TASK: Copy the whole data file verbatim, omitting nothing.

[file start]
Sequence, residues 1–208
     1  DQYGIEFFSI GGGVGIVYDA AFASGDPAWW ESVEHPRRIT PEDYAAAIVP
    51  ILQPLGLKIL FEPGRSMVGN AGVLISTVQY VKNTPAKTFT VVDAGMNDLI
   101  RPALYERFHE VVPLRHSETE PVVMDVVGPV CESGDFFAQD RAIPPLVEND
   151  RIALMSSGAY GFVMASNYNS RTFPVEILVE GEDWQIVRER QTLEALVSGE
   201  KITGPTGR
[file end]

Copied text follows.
Sequence, residues 1–208
     1  DQYGIEFFSI GGGVGIVYDA AFASGDPAWW ESVEHPRRIT PEDYAAAIVP
    51  ILQPLGLKIL FEPGRSMVGN AGVLISTVQY VKNTPAKTFT VVDAGMNDLI
   101  RPALYERFHE VVPLRHSETE PVVMDVVGPV CESGDFFAQD RAIPPLVEND
   151  RIALMSSGAY GFVMASNYNS RTFPVEILVE GEDWQIVRER QTLEALVSGE
   201  KITGPTGR